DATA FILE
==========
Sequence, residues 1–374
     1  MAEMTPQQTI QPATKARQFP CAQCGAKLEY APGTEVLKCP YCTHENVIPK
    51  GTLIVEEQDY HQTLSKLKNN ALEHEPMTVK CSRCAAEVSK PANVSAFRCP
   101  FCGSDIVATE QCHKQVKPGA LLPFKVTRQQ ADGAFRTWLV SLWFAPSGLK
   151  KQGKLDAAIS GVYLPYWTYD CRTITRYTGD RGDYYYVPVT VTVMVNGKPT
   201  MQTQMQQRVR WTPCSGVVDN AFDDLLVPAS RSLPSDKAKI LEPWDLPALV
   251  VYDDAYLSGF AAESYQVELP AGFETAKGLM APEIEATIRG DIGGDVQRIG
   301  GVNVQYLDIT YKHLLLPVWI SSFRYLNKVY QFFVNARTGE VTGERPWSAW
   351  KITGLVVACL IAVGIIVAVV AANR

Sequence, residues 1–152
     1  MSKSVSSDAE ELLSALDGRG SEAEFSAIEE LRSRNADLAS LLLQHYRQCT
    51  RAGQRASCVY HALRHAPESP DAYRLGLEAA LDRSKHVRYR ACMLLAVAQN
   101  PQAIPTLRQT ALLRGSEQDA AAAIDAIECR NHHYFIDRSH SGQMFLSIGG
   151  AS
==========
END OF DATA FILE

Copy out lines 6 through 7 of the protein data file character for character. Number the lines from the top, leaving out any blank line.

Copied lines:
   201  MQTQMQQRVR WTPCSGVVDN AFDDLLVPAS RSLPSDKAKI LEPWDLPALV
   251  VYDDAYLSGF AAESYQVELP AGFETAKGLM APEIEATIRG DIGGDVQRIG